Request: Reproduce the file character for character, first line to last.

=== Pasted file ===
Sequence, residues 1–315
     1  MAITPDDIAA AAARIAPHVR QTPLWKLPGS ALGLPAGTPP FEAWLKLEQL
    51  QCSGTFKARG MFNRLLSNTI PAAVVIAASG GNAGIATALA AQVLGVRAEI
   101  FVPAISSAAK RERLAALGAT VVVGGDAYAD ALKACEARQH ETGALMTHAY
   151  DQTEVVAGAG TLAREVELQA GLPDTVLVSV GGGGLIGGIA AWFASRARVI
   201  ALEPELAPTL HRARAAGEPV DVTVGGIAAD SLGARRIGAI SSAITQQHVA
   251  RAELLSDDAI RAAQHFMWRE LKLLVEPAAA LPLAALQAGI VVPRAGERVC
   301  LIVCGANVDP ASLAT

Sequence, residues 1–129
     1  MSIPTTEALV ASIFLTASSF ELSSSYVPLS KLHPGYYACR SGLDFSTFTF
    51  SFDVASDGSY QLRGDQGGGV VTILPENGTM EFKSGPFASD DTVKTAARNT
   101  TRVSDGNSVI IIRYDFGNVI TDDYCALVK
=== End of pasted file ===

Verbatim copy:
Sequence, residues 1–315
     1  MAITPDDIAA AAARIAPHVR QTPLWKLPGS ALGLPAGTPP FEAWLKLEQL
    51  QCSGTFKARG MFNRLLSNTI PAAVVIAASG GNAGIATALA AQVLGVRAEI
   101  FVPAISSAAK RERLAALGAT VVVGGDAYAD ALKACEARQH ETGALMTHAY
   151  DQTEVVAGAG TLAREVELQA GLPDTVLVSV GGGGLIGGIA AWFASRARVI
   201  ALEPELAPTL HRARAAGEPV DVTVGGIAAD SLGARRIGAI SSAITQQHVA
   251  RAELLSDDAI RAAQHFMWRE LKLLVEPAAA LPLAALQAGI VVPRAGERVC
   301  LIVCGANVDP ASLAT

Sequence, residues 1–129
     1  MSIPTTEALV ASIFLTASSF ELSSSYVPLS KLHPGYYACR SGLDFSTFTF
    51  SFDVASDGSY QLRGDQGGGV VTILPENGTM EFKSGPFASD DTVKTAARNT
   101  TRVSDGNSVI IIRYDFGNVI TDDYCALVK